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While searching for the opening dates of the Pioneer and Arizona leagues (a week from today [Fri.] and a week from Sunday) tripped over a piece from The Cub Reporter on the Cubs adding a second AZL team this season. That’s their ninth affiliate (Triple, Double, Hi, and Low A-ball, SS-A, AZLx2, DSLx2), or two more than the White Sox field. Hate to break it to you, Sox fans, but this has all the hallmarks of a Mine Shaft Gap.

So now six MLB organizations (the Cubs, Padres, Giants, Indians, Tigers, and Yankees) will be operating two teams in short-season rookie complex leagues (the rookie leagues that are based at Florida and Arizona Spring Training facilities).

The Cubs are also now one of six MLB clubs with nine minor league affiliates (AZ, HOU, NYM, NYY, and TB are the others). Twelve MLB clubs have eight minor league affiliates, and twelve MLB clubs have seven.

Probables: Kopech, Tomshaw, Banks, Parke


Because the Sox do just about everything on the cheap. I’d be willing to bet that just about everyone employed by the organization is paid under industry standard.


Tired complaint.


In somewhat related news:
The Bulls didn’t attend NBA Global Camp because of $10K fee. The remaining 29 teams all sent scouts.

Right Size Wrong Shape

No need to go if you only plan on drafting people from Iowa or New Mexico.


Not exactly news, though I don’t know how much management has been questioned whether it has any plans to alter its approach or why it feels its approach is optimal


Upvoted for Mine Shaft Gap


Was expecting more of the young talent throughout the organization to take bigger leaps forward this year. Thought we could add a few more to the mid-season top 100 lists.

Maybe the second half.


kanny obviously is having some awesome performances, so one of the things i’m most looking towards is seeing how dedelow, rivera, blackman and of course gonzalez handle promotions. lot of things have to shift around in front of the outfielders before they can move, though. maybe one of the IF moves to W-S to make room for madrigal?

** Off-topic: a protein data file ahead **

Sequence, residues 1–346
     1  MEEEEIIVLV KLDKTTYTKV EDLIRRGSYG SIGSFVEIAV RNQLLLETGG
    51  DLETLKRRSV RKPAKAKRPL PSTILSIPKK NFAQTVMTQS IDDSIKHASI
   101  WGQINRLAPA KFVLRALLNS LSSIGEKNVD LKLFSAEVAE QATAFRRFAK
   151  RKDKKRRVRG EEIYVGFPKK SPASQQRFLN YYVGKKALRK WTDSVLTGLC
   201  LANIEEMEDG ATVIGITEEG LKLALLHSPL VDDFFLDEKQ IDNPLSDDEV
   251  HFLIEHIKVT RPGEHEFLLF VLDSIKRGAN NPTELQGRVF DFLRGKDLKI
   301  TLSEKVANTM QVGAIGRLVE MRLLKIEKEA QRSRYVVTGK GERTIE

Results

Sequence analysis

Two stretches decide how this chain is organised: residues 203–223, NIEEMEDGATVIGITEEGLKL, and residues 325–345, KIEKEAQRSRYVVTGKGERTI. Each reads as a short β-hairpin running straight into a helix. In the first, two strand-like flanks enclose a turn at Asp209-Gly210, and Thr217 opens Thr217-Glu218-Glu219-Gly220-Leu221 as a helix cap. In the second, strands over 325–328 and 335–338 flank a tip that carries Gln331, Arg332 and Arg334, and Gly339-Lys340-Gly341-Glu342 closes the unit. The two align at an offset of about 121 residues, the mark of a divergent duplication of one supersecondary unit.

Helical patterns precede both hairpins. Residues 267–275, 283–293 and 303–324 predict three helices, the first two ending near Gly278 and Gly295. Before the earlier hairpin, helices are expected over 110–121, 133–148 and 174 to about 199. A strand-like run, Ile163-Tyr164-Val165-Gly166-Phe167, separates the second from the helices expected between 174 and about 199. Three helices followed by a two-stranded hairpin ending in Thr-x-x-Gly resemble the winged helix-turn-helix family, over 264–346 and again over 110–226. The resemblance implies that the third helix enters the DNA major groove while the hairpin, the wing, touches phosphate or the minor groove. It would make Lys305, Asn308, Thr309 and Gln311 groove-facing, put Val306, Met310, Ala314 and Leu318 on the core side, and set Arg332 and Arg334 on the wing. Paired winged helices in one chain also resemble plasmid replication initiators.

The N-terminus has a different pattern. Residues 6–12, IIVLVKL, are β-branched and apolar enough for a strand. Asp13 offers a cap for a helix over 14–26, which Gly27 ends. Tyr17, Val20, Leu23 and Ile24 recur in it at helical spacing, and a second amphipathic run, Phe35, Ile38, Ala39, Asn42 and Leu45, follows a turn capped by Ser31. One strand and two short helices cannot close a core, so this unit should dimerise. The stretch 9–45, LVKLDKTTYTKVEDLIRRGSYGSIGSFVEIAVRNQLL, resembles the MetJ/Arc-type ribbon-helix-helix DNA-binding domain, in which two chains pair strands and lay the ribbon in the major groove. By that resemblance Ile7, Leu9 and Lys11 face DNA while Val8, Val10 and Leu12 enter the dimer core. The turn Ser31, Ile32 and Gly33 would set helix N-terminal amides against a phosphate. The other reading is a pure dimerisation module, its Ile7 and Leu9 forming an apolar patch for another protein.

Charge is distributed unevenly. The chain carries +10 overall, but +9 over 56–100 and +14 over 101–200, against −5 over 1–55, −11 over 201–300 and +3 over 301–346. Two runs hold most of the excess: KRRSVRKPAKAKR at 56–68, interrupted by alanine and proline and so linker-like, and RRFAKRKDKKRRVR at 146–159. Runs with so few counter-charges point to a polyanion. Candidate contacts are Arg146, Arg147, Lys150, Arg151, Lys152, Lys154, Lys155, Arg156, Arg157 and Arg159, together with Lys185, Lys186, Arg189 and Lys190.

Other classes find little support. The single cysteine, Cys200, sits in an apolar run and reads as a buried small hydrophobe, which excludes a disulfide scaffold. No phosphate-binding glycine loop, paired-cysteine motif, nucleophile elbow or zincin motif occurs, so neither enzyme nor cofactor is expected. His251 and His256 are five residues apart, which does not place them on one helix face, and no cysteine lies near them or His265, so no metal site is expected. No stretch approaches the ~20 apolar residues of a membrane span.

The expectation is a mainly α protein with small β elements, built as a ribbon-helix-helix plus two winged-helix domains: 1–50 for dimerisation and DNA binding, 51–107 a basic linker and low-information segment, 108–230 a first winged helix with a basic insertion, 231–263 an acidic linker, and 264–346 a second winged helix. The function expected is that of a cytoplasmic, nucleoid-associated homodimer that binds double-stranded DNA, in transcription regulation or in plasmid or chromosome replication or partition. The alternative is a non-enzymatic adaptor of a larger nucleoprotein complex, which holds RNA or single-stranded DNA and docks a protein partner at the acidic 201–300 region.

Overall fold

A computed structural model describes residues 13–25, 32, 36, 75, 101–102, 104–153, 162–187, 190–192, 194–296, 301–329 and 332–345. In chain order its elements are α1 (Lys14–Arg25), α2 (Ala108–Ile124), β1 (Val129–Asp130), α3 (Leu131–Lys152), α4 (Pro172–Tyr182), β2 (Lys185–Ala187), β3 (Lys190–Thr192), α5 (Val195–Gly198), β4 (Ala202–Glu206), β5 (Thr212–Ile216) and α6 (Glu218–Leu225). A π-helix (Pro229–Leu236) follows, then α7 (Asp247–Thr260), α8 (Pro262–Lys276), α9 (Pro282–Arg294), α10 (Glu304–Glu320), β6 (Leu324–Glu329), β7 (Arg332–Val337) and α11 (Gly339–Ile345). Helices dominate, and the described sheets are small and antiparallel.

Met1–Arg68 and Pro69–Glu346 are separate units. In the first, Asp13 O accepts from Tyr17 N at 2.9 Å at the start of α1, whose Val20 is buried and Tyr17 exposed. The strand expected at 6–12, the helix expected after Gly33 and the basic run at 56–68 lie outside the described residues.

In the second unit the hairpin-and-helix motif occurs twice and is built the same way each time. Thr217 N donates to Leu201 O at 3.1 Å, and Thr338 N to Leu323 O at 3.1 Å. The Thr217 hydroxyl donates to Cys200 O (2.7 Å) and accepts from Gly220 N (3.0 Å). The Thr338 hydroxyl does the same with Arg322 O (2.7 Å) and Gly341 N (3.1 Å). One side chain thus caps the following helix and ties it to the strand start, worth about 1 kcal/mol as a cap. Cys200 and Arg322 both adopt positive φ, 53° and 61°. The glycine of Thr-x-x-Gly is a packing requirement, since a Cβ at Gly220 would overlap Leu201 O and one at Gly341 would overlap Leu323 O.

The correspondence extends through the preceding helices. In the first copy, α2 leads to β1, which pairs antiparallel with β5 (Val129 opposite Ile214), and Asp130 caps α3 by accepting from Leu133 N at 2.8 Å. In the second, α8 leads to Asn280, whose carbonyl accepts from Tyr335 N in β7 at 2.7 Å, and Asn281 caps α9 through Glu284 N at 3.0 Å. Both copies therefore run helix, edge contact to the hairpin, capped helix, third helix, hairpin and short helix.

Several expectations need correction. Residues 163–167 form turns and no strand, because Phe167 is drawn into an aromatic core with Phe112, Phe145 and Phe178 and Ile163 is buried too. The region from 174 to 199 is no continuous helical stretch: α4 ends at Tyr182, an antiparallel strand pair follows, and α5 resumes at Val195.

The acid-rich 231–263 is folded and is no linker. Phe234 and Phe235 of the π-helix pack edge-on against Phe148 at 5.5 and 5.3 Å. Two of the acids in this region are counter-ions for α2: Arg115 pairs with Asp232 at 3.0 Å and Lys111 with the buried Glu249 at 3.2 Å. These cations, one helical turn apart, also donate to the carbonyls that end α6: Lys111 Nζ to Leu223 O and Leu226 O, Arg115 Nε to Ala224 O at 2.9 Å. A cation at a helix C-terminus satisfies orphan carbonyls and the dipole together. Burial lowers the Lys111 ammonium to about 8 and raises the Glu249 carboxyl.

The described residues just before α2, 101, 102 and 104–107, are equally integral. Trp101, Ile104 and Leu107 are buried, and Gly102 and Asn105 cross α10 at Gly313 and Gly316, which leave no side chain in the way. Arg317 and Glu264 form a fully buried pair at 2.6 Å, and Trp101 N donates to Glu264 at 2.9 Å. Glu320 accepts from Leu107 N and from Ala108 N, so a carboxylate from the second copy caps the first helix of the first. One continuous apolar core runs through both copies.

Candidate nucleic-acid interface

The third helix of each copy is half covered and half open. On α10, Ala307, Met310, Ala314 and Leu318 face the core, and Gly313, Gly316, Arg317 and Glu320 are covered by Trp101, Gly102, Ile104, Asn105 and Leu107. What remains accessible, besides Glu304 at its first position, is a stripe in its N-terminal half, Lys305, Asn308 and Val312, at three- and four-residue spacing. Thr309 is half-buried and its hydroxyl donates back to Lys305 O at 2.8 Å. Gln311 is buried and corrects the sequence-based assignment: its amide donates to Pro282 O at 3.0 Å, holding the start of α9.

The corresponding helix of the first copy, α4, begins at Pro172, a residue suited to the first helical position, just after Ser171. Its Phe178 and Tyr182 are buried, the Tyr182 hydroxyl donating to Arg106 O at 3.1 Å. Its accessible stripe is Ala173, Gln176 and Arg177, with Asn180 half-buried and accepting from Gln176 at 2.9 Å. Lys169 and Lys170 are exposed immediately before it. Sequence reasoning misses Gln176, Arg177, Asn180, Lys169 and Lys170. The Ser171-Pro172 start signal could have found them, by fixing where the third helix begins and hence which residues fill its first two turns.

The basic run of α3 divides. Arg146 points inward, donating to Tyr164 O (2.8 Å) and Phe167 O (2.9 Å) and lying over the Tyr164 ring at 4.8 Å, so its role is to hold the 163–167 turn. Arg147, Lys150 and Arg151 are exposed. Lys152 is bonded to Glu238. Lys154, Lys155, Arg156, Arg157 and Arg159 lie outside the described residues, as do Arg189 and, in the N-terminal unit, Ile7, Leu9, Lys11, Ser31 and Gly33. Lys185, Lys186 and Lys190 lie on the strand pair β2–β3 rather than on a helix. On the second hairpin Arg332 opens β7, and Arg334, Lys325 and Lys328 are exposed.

that works, too!

lil jimmy

I hope Madrigal’s team loses this week end. Then he can sign on Monday!


I’m happy with Oregon State winning it all, so Madrigal can instill championship drive into his new teammates when he does come into the system.


Seconded. Maybe I’m just too impatient, but I was also hoping for some big stories from the minors this year. Right now, a 2020 contending White Sox seems improbable.

Greg Nix

I’d say Collins, Basabe, Adolfo and Rutherford have all taken fairly large steps forward. 


If Collins’ steps are legitimate, he’s achieved them by no longer listening to Sox development staff. If the hitch is still there, he’s Andy Wilkins.

After a nice start, the latter three have cooled considerably, in a very hitter friendly environment.

I’m having difficulty viewing any as success stories.

Or maybe I’m grading too harshly.

Greg Nix

If you only look for negative things, you’re only going to find negative things.

Adolfo’s BB rate is up 4% and his K rate is down 4% while moving up a level and playing with a torn elbow ligament. Rutherford’s ISO is up 100 points, also moving up a level. Basabe’s ISO is up 135 points and his OPS is up 227 points. Collins is wildly exceeding expectations is a very tough hitter’s park.

This is what prospect progress looks like.